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Market Wire:
US Employment Engine Still Running Smoothly

Matt Eidinger October 4, 2019

Economic data this morning indicated employment growth in the US cooled during September. According to data from the Bureau of Labor Statistics (BLS) the US economy added just 136,000 new jobs in September – disappointing market participants looking for a reading closer to 145,000.

But the US job creation machine is still running smoothly overall; figures for June were revised upwards to 168,000, while the three-month average was up 1,000 to 157,000.

Under the hood, employment growth was strongest in healthcare as well as professional and business services. Private sector payrolls, which registered 122,000 for July and August – fell slightly to 114,000. Wages fell 1 cent during September but rose 2.89% on a year-over-year basis. However, this disappointed market expectations, which were eyeing yearly wage growth above 3%. 

The unemployment rate fell to 3.5% – the lowest level since 1968. Similarly, the underemployment rate, which includes workers who are under-utilizing their skills or those who are employed in part time positions for economic reasons, fell to 6.9%.

Today’s employment report comes amidst growing fears that a global slowdown in manufacturing is underway and a recession is around the corner. In the first place, ISM manufacturing registered a contractionary reading for the first time in ten years on Tuesday.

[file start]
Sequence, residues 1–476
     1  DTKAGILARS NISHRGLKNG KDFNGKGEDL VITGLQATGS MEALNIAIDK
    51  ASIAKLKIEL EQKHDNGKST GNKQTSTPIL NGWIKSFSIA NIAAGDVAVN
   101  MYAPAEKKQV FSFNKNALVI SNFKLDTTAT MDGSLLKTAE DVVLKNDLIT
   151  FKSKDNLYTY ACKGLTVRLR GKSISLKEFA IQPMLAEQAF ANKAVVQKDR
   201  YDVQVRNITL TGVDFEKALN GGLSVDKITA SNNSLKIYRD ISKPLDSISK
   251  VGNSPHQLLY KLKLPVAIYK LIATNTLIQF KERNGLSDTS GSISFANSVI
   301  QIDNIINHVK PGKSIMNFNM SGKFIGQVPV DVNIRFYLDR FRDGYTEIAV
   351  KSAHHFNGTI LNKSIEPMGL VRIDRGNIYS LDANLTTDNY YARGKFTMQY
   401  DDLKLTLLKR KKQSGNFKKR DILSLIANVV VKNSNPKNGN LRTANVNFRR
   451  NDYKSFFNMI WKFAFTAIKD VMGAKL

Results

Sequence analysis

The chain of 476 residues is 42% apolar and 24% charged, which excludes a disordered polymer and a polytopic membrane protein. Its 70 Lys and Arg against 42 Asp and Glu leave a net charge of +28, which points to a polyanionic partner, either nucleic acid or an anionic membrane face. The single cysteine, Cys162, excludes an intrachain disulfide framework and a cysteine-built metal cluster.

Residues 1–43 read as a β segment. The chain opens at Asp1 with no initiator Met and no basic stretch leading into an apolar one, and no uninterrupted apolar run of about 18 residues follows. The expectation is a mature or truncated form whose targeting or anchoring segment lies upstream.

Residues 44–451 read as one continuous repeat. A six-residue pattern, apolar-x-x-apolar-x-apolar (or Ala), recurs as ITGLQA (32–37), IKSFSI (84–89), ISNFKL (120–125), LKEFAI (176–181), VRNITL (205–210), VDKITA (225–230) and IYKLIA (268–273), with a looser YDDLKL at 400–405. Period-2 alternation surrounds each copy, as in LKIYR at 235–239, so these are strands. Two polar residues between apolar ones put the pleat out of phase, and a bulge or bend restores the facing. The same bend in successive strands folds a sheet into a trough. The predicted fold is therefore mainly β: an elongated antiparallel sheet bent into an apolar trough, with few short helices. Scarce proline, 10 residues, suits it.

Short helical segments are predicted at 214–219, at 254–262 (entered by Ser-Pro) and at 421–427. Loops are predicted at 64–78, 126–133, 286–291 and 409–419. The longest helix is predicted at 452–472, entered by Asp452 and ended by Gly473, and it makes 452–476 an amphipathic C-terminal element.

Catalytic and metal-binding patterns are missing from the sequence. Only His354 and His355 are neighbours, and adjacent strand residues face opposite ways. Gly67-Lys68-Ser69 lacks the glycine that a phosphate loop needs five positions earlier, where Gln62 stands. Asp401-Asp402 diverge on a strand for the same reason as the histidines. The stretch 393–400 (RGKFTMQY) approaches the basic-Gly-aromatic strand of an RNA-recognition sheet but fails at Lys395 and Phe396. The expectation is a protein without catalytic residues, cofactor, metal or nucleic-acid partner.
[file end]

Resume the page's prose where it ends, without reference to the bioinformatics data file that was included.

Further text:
Although yesterday’s services component came in above the key 50-point mark, the reading was still well below market expectations and has prompted the fear that weakness in the business community could spread to the consumer side of the economy and threaten economic growth. Correspondingly, today’s payrolls indicated a loss of 2,000 manufacturing jobs – the first since March of this year.

These concerns have prompted the chances of a third interest rate cut from the US Federal Reserve to rise from just under 50% last week to 87.1% right before today’s non-farm payrolls. Immediately after the report, the overnight indexed swap rates indicated the chances of an October cut had fallen to 78.6%. 

The Euro fell a modest 10 pips against the greenback immediately after the labor data hit the wire. Similarly, the safe-haven Japanese Yen reversed its week-long trend of strengthening against the big dollar – falling a meager 25 pips against the US dollar around 8:30 am. The trade-weighted dollar index moved up 0.1% to 98.75, remaining near some of the highest levels seen in the past three years.

Today’s non-farm payrolls should be interpreted by the Fed as a cautionary message; the threat to the American economy from the ongoing trade conflict is based in fact, not merely presidential tweets.

Employment growth remains healthy but has slowed down notably. Furthermore, earnings growth has dipped beneath 3% for the first time this year – representing a threat to the American economy’s main driver – consumer spending.

When the FOMC meets next month, it would be wise to get ahead of the curve and act preemptively to cut interest rates as a sign that it is ready and able to support the American consumer if the trade war contagion continues to spread.

Matthew Eidinger
Fintech Specialist, Dealing Operations

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